Jamie Foxx Confirmed As Spawn In Reboot

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As comic book movie adaptations continue to smash the box office and dominate the film industry, the news of which Hollywood A-lister is going to play which hero or villain is always hotly anticipated.

And, while some actors can’t help but blur the edges between their character and themselves (here’s looking at you, Reynolds and Jackman), some thespians are a little harder to pin down.

Jamie Foxx has finally agreed to play the part of Spawn in an upcoming reboot of the dark comic.

Foxx will play the titular character, an ex-CIA operative who is betrayed and double-crossed. I won’t give it all away, but after going through some pretty dark stuff, he comes back as a demon-like antihero, intent on cleansing his city of all those who get on his bad side.

Spawn was created by Todd McFarlane, who has penned the script and will also be directing the new film Deadline reports.

The comic was big in the 90s, and was turned into a film starring Michael Jai White and John Leguizamo in 1997. Creator McFarlane has been getting requests to reboot the franchise for some time now, but has held off bigger offers to create his own gritty, low budget version with Blumhouse Productions.

McFarlane has said he expects the budget to be between $10 million and $12 million for a dark, R-rated imagining of his film.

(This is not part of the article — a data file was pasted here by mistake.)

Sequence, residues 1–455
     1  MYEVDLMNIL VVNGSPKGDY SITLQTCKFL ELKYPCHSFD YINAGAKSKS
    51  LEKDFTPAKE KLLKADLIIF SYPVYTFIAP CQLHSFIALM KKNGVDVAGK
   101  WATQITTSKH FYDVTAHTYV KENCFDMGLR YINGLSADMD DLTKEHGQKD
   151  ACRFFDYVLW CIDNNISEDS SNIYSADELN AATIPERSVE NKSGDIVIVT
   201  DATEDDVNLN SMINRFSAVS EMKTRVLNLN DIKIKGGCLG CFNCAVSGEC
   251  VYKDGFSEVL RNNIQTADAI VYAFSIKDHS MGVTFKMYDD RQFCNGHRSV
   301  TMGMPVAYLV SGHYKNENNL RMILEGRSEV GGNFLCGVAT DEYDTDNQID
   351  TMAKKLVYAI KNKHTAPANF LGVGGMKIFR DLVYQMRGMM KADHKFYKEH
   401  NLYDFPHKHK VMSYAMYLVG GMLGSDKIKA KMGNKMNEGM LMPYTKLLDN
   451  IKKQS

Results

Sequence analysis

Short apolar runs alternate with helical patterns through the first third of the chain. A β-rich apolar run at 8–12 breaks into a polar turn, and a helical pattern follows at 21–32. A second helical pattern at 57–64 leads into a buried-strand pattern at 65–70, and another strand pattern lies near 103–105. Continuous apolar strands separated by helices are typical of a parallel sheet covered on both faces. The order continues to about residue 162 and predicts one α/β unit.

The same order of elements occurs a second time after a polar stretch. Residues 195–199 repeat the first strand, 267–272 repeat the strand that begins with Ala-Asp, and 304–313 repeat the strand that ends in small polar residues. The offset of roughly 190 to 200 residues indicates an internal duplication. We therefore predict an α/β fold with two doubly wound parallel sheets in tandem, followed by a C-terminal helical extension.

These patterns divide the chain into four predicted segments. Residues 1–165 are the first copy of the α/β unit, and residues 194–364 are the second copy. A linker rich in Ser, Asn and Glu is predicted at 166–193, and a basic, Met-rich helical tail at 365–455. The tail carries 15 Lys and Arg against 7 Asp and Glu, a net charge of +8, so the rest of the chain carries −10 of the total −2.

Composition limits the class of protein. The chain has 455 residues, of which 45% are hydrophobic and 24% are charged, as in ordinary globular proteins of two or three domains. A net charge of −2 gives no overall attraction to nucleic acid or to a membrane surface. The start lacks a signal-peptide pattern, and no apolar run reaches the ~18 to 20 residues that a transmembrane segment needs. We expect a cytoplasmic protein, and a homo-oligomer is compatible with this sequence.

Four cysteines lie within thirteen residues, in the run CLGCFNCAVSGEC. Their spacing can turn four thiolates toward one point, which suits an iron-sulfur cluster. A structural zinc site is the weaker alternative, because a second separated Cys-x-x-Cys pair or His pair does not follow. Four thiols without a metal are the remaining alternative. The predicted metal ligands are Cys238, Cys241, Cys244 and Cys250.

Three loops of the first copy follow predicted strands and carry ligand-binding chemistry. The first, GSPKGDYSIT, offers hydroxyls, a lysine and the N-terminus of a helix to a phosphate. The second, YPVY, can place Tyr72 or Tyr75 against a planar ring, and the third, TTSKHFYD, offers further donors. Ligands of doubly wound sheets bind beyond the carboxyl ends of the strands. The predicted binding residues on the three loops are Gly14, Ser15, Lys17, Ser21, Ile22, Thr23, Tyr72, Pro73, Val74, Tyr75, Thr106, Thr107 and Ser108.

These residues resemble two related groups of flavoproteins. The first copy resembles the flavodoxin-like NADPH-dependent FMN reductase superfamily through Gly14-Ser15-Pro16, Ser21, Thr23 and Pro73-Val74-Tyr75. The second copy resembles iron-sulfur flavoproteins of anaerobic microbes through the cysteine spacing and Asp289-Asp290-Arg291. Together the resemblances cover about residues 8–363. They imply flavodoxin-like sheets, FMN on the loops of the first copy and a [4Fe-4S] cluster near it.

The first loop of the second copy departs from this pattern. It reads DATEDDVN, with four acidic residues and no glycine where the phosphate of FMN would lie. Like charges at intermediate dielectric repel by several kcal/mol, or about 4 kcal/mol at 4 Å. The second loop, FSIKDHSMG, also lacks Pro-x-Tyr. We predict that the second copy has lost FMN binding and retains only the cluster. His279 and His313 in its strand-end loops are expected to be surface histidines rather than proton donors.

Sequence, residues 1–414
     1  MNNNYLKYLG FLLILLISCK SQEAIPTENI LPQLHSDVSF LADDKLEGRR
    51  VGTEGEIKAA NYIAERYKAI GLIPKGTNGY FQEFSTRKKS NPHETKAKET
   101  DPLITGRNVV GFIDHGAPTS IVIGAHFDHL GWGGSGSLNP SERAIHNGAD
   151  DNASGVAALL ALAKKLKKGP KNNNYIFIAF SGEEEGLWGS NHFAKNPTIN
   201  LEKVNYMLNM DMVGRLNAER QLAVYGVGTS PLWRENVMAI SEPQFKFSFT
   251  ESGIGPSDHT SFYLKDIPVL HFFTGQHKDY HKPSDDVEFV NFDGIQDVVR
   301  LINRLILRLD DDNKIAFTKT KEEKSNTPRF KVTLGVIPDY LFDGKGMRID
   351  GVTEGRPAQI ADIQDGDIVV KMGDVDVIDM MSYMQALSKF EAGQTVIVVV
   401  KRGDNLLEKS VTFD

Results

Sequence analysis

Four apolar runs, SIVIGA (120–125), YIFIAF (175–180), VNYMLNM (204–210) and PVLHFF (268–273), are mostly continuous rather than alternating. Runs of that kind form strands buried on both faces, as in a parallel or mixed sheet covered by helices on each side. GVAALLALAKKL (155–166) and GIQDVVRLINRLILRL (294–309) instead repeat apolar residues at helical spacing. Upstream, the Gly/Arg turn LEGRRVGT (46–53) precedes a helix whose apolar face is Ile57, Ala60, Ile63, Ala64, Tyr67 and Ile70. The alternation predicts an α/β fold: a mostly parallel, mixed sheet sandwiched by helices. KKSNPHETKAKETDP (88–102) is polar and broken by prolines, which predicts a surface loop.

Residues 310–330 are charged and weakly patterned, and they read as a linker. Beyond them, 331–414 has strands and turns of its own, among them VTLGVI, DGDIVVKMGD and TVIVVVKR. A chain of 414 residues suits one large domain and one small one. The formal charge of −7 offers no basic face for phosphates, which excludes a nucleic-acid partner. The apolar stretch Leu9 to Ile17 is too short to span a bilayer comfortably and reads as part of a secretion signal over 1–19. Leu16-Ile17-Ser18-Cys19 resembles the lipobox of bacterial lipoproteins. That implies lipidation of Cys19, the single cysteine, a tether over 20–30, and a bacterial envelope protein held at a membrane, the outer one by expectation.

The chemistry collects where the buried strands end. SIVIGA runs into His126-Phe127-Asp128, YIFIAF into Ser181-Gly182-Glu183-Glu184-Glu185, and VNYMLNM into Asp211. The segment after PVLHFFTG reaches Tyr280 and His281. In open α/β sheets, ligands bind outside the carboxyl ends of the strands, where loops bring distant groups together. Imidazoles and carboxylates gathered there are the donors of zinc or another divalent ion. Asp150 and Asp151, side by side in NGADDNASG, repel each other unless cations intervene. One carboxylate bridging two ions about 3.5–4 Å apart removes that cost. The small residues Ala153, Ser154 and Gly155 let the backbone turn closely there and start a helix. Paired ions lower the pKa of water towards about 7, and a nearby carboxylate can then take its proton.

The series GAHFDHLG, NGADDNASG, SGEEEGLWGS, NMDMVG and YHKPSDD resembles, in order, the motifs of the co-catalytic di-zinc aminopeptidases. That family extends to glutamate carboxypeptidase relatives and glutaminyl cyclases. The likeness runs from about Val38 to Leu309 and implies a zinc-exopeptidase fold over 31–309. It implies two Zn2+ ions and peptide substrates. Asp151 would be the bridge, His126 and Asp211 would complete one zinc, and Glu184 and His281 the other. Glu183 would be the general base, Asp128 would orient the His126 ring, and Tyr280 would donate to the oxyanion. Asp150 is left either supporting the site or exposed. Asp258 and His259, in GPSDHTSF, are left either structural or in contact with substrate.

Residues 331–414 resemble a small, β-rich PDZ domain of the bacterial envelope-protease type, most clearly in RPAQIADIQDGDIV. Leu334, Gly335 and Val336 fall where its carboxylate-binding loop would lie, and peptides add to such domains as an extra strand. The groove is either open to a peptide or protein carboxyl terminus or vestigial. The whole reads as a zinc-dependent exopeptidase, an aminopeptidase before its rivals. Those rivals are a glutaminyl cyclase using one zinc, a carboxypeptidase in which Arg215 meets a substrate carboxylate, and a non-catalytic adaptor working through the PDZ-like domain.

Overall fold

He also expects Spawn to be a man of few words. Speaking to Deadline, McFarlane said:

The scariest movies, from Jaws to John Carpenter’s The Thing, or The Grudge and The Ring, the boogeyman doesn’t talk.

This is not a man in a rubber suit, it’s not a hero that’s going to come and save the damsel. It’s none of that. At the end of the movie, I’m hoping that the audience will say either, is this a ghost that turns into a man, or is it a man that turns into a ghost?

I’ve got a trilogy in mind here, and I’m not inclined in this first movie to do an origin story. I’m mentally exhausted from origin stories.

If you’re expecting an anti-hero like Deadpool, think again.

So why the choice of Oscar-winning actor Jamie Foxx for a man of such few words?

McFarlane said:

There are five or six moments where I’m going to need things from my actors, and a couple of them have to come from Jamie, and I’ve seen him deliver them onscreen.

He gets into a zone, with body language and a look that basically will say way more than anything I could type on a piece of paper, and this movie is going to need those moments. And in the odd moment where he has to deliver a line that’s short, curt and has impact, he can do it in a way that makes you go, ‘Whoa, I don’t want to mess with that guy. What a badass.

A release date hasn’t yet been confirmed, but as comic book films move away from shiny superheroes thanks to the likes of Venom, we can’t wait to see this.

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